Now that he's gotten himself more and more into photography, a desk for his laptop (for image processing) was bubbling up as a real need. He also needed a place to do his paperwork, and store a few items.
I looked far and wide on Craigslist for a desk with the dimensions we needed, but I couldn't find anything...too short, too long, to wonky looking, too beat up...and don't even get me started on what people think their their stuff is worth! I could find nothing that would work. I decided we should build one, and the bar stool desk was born. A quick Google search would show me that I wasn't the first to think of this, but what I found did get my finishing and decorating idea motor running!
For a couple of days I checked Craigslist for used bar stools before I found some that would work. A married couple, on the last day of their garage sale, had a pair of solid wood bar stools in exactly the style I was hoping to find. We dickered down to $30 for the pair. Perfect!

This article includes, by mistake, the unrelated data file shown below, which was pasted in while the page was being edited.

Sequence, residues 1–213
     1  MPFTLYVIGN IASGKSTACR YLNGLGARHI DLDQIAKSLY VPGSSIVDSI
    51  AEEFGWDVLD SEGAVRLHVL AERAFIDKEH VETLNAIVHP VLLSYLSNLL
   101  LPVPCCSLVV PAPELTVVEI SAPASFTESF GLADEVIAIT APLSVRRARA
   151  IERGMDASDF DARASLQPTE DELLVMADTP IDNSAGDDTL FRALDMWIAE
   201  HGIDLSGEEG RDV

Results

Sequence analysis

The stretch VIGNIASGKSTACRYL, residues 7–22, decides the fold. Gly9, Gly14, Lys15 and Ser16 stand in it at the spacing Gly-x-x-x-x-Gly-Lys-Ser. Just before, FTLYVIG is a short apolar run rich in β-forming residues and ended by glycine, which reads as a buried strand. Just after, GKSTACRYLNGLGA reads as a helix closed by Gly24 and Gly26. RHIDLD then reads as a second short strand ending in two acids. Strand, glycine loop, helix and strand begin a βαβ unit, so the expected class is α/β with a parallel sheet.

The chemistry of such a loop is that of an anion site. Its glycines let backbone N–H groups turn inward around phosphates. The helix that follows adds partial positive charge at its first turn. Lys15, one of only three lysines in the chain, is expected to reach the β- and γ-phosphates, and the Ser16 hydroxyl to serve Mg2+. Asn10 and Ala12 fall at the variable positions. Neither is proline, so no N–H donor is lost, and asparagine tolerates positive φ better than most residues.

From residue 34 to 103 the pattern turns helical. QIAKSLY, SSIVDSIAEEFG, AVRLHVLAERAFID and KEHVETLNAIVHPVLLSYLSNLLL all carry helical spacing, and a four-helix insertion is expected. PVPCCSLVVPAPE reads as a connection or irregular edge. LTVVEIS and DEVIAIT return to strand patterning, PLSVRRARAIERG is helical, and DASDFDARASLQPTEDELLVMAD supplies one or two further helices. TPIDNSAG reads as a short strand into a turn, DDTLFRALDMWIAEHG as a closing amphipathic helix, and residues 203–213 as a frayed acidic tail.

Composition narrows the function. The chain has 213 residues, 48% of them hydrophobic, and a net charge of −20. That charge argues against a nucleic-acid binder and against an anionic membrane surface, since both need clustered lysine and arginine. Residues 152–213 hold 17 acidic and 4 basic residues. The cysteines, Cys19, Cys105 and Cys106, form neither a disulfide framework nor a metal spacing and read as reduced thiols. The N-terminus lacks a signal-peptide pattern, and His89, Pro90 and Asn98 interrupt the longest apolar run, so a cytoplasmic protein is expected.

It was time to design/build a topper. I got the idea for the topper from the one that makes up my own desk. It was purchased from Pottery Barn years ago, but the idea is a good one. Build 'pockets' for the seats of the bar stools to rest in, which keeps the topper from shifting.
The bar stool seats were about 1-1/2" too wide for the dimensions needed, so Cliff trimmed them down just a bit with the table saw. You can see the sawn edges here.
The topper has a cove edge, which Cliff added with the router. I love that thing. I think it's my favorite wood working tool. It gives everything a finished off, professional look. Sometimes I look for projects that require a routered edge, just so we can use it.
The topper upside down, showing the coved edge.
...and right side up.
A good sanding and finishing project is next, but for now, you can see how things look, and get a sense of how easy this is. The routered edge takes a specialty tool, but even just a basic pine board, sanded and finished, can sit atop a pair of barstools, for a quick and easy desk.
Total cost? $55. I love it, and more importantly, so does Cliff.